Members of Girls badger State and Boys Badger State students from Sauk Prairie High School include (from left:) Grace Vils, Ashley Brickl, Baxter Peetz, Allan Brickl, Parker Chrisler, Ben Chao, Carson Radl, Sarah Albers. Missing are Christian Chrisler and Alexandra Dunnum.

Mary Walz Contributed

During the summer between the junior and senior year of high school, Wisconsin students have the opportunity to participate in a week-long program that teaches leadership skills and government process. The Badger State Boys and badger State Girls programs offer the chance for selected students to create a mock government as student citizens elect leaders in 27 cities, nine counties, and a “51st” state encompassing the entire program.

This year 10 Sauk Prairie High School students were selected to attend the program.

Students who have an interest in participating need to apply and have been nominated by a teacher. The government teachers and a group of other teachers convene and make their selections. Local organizations such as the American Legion and its auxiliary and Optimists sponsor the students, paying for them to participate in the program. Male students attend the program at Ripon College while the girls head to UW-Oshkosh.

For the past 32 years, Sauk Prairie High School math teacher Mary Walz has served as the district’s volunteer counselor to participating Badger State students.

“I had the opportunity to attend Badger Girls State while I was in high school and the opportunity made a significant difference in my life,” Walz said. “So much so, I wanted to give back to the program. It helped me develop leadership skills, a sense of pride in Americanism and a desire to promote good citizenship.”

Students in their junior year learn about the American government, which often helps garner interest in the Badger State program. Selected students participate during the summer between their junior and senior years of school, with the thought the students will come back their senior year and be able to utilize the skills they learned in the program.

“It’s an opportunity for students going into their senior year to learn about government by modeling a fictitious 51st state, the functions of a city, county and state,” Walz said. “Students serve as delegates and run for various offices. If elected, they carry out mock scenarios of meetings, budgets, platforms and law-making. They also do ordinances at the city and county level and write bills to become laws. And citizenship is a part of it because they are running for office.”

Walz said students also learn about the election process with the hope of developing a comfort for voting when they turn 18 and meet other student leaders from around the state. Ultimately the goal is for students to have a better understanding of some governmental procedures through hands-on scenarios.

“So even if they are not going into a government-related field, they know how the government’s actions can impact their careers and lives,” Walz said.

Collaboration and problem-solving skills and improved public speaking skills are among the abilities senior Carson Radl said he picked up from attending Badger Boys State.

“I gained a lot of good friends, got better at public speaking and gained a better understanding of the government and how it works,” Radl said. “I learned how it looks to campaign for a public office — and how to work together with a group of people that don’t always agree.”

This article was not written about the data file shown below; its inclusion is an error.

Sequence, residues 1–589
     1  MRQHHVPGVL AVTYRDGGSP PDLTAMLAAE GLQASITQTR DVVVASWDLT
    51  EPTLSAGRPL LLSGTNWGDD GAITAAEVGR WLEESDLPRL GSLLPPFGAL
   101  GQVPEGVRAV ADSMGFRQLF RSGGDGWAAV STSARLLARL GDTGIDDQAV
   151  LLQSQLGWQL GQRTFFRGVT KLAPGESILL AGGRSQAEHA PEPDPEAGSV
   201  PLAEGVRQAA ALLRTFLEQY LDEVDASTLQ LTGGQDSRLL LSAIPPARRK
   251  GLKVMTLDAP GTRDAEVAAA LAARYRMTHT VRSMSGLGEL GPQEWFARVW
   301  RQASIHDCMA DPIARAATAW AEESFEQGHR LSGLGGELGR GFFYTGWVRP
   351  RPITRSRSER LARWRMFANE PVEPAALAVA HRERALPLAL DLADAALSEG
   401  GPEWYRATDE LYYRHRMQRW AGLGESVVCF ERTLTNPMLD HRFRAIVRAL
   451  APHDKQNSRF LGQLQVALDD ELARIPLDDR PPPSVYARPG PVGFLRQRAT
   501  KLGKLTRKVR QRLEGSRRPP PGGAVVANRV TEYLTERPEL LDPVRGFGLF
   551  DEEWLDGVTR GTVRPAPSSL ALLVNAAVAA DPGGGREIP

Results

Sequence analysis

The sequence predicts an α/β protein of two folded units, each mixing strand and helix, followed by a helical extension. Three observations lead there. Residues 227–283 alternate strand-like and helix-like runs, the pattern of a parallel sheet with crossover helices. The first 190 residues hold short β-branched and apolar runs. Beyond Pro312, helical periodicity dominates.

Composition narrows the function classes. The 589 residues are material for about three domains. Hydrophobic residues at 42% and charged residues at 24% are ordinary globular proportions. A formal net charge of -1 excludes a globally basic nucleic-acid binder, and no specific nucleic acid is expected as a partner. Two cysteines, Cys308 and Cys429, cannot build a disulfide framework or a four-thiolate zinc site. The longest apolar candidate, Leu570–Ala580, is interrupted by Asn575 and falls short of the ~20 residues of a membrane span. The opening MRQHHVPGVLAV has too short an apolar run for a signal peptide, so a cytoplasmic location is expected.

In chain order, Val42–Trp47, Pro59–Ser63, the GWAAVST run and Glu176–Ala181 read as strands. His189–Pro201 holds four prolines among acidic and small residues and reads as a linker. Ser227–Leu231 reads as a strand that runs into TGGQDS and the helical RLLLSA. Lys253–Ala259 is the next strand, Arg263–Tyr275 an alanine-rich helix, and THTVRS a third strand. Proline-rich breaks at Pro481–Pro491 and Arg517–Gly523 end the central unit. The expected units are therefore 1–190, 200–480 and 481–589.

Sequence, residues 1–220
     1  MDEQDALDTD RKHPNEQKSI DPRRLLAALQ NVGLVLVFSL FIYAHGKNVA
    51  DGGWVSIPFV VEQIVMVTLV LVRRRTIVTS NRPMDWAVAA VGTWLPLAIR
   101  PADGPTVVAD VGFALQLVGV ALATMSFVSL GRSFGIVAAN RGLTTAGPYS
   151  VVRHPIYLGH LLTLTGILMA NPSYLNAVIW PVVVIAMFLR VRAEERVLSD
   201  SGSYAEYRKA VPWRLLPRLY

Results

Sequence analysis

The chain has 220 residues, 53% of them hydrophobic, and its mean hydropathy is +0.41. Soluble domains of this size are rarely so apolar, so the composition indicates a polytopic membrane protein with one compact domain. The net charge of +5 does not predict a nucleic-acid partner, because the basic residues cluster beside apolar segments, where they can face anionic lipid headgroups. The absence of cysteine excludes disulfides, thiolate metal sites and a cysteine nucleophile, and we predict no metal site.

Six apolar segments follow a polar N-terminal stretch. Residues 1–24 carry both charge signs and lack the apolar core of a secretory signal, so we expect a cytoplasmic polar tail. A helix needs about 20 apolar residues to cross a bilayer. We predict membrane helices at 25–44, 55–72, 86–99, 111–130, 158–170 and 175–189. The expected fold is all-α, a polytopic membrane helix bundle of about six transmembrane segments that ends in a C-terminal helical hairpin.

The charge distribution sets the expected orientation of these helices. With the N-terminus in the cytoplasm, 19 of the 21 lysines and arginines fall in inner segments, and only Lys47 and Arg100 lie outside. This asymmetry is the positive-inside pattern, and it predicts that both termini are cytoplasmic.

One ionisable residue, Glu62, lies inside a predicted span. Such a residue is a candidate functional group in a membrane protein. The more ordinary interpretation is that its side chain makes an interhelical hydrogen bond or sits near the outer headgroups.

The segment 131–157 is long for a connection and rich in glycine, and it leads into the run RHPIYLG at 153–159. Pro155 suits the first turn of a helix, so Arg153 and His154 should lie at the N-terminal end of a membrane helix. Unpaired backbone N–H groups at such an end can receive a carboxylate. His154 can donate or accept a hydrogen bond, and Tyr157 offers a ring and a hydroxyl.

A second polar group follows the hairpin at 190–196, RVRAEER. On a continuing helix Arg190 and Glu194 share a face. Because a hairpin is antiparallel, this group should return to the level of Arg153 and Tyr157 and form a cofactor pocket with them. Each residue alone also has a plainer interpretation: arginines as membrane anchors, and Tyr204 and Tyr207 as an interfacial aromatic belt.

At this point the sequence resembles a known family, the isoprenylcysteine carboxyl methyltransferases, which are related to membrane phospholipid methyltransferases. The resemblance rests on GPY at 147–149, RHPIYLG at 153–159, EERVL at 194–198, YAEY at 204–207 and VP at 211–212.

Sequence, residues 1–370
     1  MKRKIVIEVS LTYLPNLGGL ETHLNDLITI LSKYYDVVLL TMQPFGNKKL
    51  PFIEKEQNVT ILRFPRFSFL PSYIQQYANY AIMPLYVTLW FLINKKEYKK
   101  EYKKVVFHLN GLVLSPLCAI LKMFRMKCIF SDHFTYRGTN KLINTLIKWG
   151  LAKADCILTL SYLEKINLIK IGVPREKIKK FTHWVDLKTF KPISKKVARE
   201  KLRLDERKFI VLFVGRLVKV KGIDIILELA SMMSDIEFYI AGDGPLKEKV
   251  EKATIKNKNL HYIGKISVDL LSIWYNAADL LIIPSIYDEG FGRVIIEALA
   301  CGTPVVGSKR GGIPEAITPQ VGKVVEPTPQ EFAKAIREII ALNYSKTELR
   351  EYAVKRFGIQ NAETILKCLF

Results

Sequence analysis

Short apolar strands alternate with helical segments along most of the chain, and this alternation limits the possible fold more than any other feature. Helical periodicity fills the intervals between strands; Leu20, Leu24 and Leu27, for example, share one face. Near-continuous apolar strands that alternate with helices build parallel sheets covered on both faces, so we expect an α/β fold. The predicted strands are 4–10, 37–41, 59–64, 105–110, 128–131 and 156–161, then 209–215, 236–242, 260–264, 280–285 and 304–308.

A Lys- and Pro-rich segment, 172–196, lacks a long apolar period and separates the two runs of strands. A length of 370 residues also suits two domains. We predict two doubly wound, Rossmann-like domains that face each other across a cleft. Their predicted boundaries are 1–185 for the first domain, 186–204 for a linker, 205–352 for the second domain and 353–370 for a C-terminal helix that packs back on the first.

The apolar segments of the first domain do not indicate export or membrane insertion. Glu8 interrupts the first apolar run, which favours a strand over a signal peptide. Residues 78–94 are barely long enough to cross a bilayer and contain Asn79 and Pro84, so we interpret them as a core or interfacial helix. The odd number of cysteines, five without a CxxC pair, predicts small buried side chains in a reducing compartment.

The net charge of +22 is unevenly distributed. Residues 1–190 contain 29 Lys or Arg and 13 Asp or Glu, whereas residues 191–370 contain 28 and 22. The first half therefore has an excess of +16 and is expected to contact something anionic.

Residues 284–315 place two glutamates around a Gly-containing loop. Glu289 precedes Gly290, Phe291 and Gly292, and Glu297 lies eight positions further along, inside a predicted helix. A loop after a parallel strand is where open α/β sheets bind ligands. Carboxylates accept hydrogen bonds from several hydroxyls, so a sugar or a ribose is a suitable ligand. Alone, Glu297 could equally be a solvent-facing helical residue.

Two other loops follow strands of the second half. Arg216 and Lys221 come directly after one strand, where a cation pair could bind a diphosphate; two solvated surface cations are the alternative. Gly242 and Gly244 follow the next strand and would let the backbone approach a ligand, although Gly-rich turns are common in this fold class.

He said even though he isn’t pursuing a career in politics, the skills he learned through the program will help him no matter which path he chooses. Radl said it will definitely help him when it comes time for him to vote.

“I now know more about how it works and it makes me want to dig deeper and understand potential candidates better,” Radl said.

Sarah Albers, who comes from an FFA background, said already knowing about the parliamentary process helped her at Badger State.

“It helped me take charge more quickly,” Albers said, who was ultimately elected mayor during the program. “It showed me you can’t just watch T.V. and take a candidate’s word for it. You have to look into them more.”

Albers, who is president of the senior class and is on FFA said the skills she learned at Badger State have helped her better understand how to work with and lead a big group of people. “It gave me more practice,” Albers said.

For Alexandra Dunnum, Badger State helped her develop her ability to speak in public more easily, and how smaller-scale elections and government works within cities.

“It helped me understand more of what goes on in the government and more importantly, how to advocate for myself if I want to address something on the city or state level,” Dunnum said. “I have always had a very large interest in politics and government, and really enjoy thinking through topics under debate.”

Ashley Brickl and Grace Vils agreed that the Badger State program has provided them with a foundation of understanding for the political process.

“I learned you have to really research who you are voting for and learn not to just take what they say at face-value,” Vils said. “I realized just how important it is to be involved and to pay attention to all of the issues — not just the ones that fascinate you.”

Walz said in general, students who attend programming through Badger State are more active in school organizations and are service-oriented.

“They tend to be president of some of our stronger school organizations and show leadership in terms of serving as captains in athletic or other groups,” Walz said. “Their participation is a benefit to the school and community, in terms of the leadership skills they bring back, and advocacy and Americanism.”

Follow Autumn Luedke on Twitter @Apwriter1 or contact at (608) 393-5777

Reporter, Sauk Prairie Eagle